In a game earlier this season, Wyatt was clearly fouled beyond the three-point line, but no call was made and the shot went for an air ball. As he backpedaled down the floor, Wyatt looked over at the closest official and said, "I was fouled! I was fouled!"
When the official shrugged his shoulders, Wyatt said, "Why would I shoot the ball like that?"
The official smiled as if to say, 'Good point,' and kept moving.
"They miss calls, we miss shots," Wyatt said. "We miss defensive assignments. They're human. I know they're a big part of the game."
"I'm just trying to get them on my side," Wyatt added with a smile.
Wyatt has, of course, overcome some self-imposed obstacles along the way. There was his summer misstep in Atlantic City when he was arrested back in June on his 21st birthday when he allegedly solicited an undercover officer posing as a prostitute. Wyatt was later served with a $1,000 fine and community service, but Dunphy didn't suspend Wyatt because he believed he had already encountered enough embarrassment and felt he had learned his lesson.
Dunphy has playfully admitted that his star player has driven him crazy on some occasions, but he's also been quick to say he believes Wyatt doesn't have a malicious bone in his body, even though he didn't start him in three games last season due to disciplinary reasons that either centered around being late for meetings or study halls.
But before the incident this summer and the three games he didn't start last season, Wyatt had to prove to Dunphy that he could play and work hard enough at this level -- and he wasn't always successful in doing that. Wyatt played just 19 minutes as a freshman and wasn't exactly helping himself along the way.
"At the end of my freshman year, with Coach Dunph, I was really in the doghouse," Wyatt admitted. "I wasn't playing my freshman year, and it didn't help any because I wasn't trying at practice and stuff like that and I wasn't playing, so Coach Dunph was like, 'All right, whatever.'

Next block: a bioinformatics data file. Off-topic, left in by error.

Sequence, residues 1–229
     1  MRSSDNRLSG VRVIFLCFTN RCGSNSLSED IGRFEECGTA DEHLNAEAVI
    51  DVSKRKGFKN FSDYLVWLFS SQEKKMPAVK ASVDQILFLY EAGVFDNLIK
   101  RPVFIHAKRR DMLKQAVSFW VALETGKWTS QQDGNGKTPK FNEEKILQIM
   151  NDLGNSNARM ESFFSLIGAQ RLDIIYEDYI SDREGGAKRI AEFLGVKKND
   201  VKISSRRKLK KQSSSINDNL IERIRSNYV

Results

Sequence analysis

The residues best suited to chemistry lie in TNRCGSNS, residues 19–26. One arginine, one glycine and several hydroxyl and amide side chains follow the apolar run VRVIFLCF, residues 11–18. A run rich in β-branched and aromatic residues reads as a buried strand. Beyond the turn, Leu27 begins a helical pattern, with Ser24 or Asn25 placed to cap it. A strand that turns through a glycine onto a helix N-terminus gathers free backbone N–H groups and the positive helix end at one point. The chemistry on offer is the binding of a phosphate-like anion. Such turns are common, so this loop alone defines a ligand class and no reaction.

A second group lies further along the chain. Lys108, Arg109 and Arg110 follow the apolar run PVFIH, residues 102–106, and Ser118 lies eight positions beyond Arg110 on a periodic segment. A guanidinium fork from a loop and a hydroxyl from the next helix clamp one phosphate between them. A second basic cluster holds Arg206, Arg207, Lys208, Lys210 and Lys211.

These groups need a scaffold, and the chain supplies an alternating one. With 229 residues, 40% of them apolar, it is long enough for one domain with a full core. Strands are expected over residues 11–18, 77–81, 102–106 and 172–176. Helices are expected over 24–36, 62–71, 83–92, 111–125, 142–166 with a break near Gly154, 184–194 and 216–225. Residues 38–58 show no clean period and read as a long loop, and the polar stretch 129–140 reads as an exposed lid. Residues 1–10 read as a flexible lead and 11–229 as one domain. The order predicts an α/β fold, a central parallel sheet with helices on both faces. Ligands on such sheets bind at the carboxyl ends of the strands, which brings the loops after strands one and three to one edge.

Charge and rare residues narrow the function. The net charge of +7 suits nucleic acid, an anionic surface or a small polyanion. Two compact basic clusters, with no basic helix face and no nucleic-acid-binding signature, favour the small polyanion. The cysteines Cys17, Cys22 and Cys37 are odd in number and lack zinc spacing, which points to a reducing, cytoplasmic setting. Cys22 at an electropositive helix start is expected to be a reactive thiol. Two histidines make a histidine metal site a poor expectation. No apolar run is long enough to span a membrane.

"So coming into my sophomore year, I knew if I wanted to play, I had to do something, so I tried to work harder at practice, got Coach Dunphy to understand me a little bit more. And as time went on, Coach Dunphy we learned to I'm not sure of the word to use "
Then Wyatt paused before a second before accurately summing up his relationship with Dunphy over the last three years.
"I needed Coach Dunphy," Wyatt said, "and Coach Dunphy needed me and we found a way to meet in the middle. And I'm just happy that he stuck with me and he never gave up on me, and he's given me a great opportunity."
It was also announced later in the day Tuesday that Wyatt had been named to the 2012-13 USWBA All-District II Team, which is made up of players from Pennsylvania, New Jersey, New York, West Virginia, Delaware and the District of Columbia.
Wyatt was the only Temple player to be named to the first, second or third all-conference team. Fifth-year guard T.J. DiLeo made the five-member Atlantic 10 Academic All-Conference team. He's working on a master's degree in marketing, has a 3.81 GPA.
Practice sound bytes
Listen to interviews with Dunphy and Wyatt from Tuesday's practice here:
OwlScoop.com editor John Di Carlo can be reached at firstname.lastname@example.org. Follow him on Twitter @OwlScoop_com or @jdicarlo.